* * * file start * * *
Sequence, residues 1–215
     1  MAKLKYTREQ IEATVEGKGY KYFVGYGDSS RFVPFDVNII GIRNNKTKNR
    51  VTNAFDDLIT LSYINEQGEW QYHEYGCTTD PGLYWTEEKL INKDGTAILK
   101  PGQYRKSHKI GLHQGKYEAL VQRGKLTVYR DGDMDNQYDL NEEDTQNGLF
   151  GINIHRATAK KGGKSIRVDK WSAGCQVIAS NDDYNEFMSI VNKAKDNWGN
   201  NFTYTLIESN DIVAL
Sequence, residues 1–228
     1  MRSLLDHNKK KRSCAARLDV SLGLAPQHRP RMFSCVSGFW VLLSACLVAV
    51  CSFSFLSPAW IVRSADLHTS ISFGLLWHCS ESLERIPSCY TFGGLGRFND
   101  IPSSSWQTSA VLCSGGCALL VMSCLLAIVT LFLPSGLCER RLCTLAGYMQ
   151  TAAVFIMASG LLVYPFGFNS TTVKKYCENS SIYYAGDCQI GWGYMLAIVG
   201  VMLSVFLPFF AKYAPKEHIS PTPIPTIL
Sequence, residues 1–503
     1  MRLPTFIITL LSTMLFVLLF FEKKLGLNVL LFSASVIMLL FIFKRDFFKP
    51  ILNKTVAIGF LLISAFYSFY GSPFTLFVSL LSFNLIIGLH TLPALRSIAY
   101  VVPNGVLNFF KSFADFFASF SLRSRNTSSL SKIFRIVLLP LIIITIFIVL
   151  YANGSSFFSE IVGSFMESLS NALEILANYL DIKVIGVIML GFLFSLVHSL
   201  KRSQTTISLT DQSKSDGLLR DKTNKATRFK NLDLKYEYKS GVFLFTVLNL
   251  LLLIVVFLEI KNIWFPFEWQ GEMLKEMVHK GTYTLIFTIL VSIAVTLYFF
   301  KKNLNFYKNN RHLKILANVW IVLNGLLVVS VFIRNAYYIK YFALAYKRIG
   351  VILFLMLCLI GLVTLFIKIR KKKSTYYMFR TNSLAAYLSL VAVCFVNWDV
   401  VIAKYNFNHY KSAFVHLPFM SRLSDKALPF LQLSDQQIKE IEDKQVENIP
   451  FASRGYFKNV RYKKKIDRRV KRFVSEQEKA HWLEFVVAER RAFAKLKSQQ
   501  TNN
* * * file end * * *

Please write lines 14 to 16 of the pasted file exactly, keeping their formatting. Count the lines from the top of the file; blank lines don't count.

     1  MRLPTFIITL LSTMLFVLLF FEKKLGLNVL LFSASVIMLL FIFKRDFFKP
    51  ILNKTVAIGF LLISAFYSFY GSPFTLFVSL LSFNLIIGLH TLPALRSIAY
   101  VVPNGVLNFF KSFADFFASF SLRSRNTSSL SKIFRIVLLP LIIITIFIVL